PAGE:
Referring again to FIG. 1, an exemplary user interface 80 is located on the head 16 and includes a plurality of input mechanisms including a bowl up/down switch 82 for activating the power bowl lift mechanism 54, a time input mechanism 84 and associated LED display 86 for inputting a desired mix time, a speed input mechanism 88 and associated LED display 90 for inputting a desired mix speed, a mix start button 92 and a mix stop button 94. Referring to FIGS. 1 and 4, the bowl up/down switch 82 may be a double-pole double-throw switch that closes a forward power path in the analog control circuit 78 when depressed in one direction (e.g. upward for BOWL UP) and closes a reverse power path in the analog control circuit 78 when depressed in the other direction (e.g. downward for BOWL DOWN), with both power paths of the analog control circuit 78 delivering power to the power lift mechanism 54 for initiating either up or down movement as may be desired. The time input mechanism 84 may be a rotating knob connected to a bi-directional rotary encoder that outputs pulses directly to the timer control 76 via the signal path labeled TIME. The timer control 76 responsively drives the LED display 86 to reflect the selected/changing mix time (e.g., in minutes and seconds). The speed input mechanism may 88 be a rotating knob connected to a six-position switch such as a Carling switch providing inputs to the timer control 76 via the signal path labeled SPEED. The timer control 76 responsively drives the LED display 90 to reflect the selected speed (e.g., Stir, 1, 2, 3, 4). Of course, in the case of each input mechanism it is contemplated that other types of devices could be used.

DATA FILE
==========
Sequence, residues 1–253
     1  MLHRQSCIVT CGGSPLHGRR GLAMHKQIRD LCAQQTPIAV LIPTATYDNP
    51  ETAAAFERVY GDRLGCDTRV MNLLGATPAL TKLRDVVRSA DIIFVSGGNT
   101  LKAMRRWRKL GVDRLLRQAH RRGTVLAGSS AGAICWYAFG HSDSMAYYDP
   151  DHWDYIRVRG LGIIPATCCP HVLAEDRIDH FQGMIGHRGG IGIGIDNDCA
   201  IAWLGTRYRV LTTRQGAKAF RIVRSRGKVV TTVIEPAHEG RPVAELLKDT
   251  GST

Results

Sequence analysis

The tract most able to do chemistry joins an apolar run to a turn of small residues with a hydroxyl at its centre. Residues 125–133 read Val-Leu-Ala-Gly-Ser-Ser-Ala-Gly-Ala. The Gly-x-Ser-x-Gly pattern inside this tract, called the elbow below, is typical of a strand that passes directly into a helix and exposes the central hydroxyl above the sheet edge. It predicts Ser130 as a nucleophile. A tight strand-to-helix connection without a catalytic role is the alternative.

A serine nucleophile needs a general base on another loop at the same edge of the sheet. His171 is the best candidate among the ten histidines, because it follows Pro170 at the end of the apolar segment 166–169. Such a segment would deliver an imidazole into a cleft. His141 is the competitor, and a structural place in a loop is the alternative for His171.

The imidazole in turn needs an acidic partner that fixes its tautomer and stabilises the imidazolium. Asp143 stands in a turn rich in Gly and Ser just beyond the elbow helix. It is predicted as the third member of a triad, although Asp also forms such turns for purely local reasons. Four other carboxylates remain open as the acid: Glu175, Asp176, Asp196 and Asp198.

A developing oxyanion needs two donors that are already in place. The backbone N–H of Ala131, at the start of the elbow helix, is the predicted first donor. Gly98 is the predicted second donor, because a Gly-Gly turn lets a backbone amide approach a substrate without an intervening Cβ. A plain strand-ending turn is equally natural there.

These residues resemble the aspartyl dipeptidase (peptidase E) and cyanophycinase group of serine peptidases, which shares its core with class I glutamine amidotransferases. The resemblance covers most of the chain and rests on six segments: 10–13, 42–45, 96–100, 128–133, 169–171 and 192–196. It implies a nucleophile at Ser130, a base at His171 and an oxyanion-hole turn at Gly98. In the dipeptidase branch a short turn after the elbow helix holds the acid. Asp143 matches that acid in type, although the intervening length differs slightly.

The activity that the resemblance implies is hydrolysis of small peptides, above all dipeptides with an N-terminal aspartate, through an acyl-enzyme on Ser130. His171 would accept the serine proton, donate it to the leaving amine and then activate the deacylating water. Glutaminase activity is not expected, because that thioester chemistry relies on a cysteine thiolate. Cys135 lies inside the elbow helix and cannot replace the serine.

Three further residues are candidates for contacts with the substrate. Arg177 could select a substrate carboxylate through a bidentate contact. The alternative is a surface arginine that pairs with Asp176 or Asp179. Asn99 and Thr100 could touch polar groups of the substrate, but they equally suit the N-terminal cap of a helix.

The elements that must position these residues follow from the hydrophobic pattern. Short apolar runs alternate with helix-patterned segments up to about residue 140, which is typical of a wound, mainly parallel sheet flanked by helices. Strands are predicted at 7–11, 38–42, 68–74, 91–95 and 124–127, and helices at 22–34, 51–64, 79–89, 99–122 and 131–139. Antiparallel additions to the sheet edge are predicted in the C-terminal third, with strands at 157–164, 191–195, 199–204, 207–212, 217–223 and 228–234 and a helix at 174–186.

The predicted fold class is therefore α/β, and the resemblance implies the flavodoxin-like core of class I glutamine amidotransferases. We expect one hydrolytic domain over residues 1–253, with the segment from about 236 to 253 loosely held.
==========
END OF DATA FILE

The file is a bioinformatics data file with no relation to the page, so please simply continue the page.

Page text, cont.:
The mix start button 92 may be a normally-open pushbutton switch connected in the analog control circuit 78 and the mix stop button 94 may be a normally-closed pushbutton switch connected in the analog control circuit 78.
 While numerous types of sensors could be used, in a simple form the sensors S1, S2, and S3 may be limit switches incorporated in the analog control circuit 78 that open or close one or more signal or power paths based upon monitored mixer parts. For example, sensor switch S1 may be located to close only when the bowl receiving portion 20 moves to its raised position (e.g. BOWL IS UP), sensor switch S2 could be located to close only when a mixer bowl is placed in an operating position relative to the bowl receiving portion 20 (e.g, BOWL IS LOCKED) and sensor switch S3 may be located to close only when a bowl guard positioned between the bowl 22 and the head 16 is in its closed position (e.g, GUARD IS CLOSED).